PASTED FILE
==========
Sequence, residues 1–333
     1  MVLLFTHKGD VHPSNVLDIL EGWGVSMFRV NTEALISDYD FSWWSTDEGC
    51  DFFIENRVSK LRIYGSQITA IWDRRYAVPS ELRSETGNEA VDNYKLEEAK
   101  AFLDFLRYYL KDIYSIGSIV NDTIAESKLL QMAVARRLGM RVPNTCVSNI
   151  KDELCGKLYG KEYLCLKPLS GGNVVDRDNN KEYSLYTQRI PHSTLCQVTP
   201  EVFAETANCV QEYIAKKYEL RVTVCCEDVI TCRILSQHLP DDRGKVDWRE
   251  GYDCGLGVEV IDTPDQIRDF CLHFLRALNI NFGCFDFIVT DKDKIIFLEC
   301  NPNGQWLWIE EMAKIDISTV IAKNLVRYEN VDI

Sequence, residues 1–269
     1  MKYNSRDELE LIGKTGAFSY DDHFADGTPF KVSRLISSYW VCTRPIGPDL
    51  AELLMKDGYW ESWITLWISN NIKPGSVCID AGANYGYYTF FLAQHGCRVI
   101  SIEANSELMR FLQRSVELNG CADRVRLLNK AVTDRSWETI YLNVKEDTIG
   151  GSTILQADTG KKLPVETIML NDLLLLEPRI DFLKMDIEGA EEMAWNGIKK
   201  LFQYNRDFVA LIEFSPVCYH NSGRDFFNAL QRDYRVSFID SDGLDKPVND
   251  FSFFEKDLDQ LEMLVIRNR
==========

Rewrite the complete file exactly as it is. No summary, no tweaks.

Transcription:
Sequence, residues 1–333
     1  MVLLFTHKGD VHPSNVLDIL EGWGVSMFRV NTEALISDYD FSWWSTDEGC
    51  DFFIENRVSK LRIYGSQITA IWDRRYAVPS ELRSETGNEA VDNYKLEEAK
   101  AFLDFLRYYL KDIYSIGSIV NDTIAESKLL QMAVARRLGM RVPNTCVSNI
   151  KDELCGKLYG KEYLCLKPLS GGNVVDRDNN KEYSLYTQRI PHSTLCQVTP
   201  EVFAETANCV QEYIAKKYEL RVTVCCEDVI TCRILSQHLP DDRGKVDWRE
   251  GYDCGLGVEV IDTPDQIRDF CLHFLRALNI NFGCFDFIVT DKDKIIFLEC
   301  NPNGQWLWIE EMAKIDISTV IAKNLVRYEN VDI

Sequence, residues 1–269
     1  MKYNSRDELE LIGKTGAFSY DDHFADGTPF KVSRLISSYW VCTRPIGPDL
    51  AELLMKDGYW ESWITLWISN NIKPGSVCID AGANYGYYTF FLAQHGCRVI
   101  SIEANSELMR FLQRSVELNG CADRVRLLNK AVTDRSWETI YLNVKEDTIG
   151  GSTILQADTG KKLPVETIML NDLLLLEPRI DFLKMDIEGA EEMAWNGIKK
   201  LFQYNRDFVA LIEFSPVCYH NSGRDFFNAL QRDYRVSFID SDGLDKPVND
   251  FSFFEKDLDQ LEMLVIRNR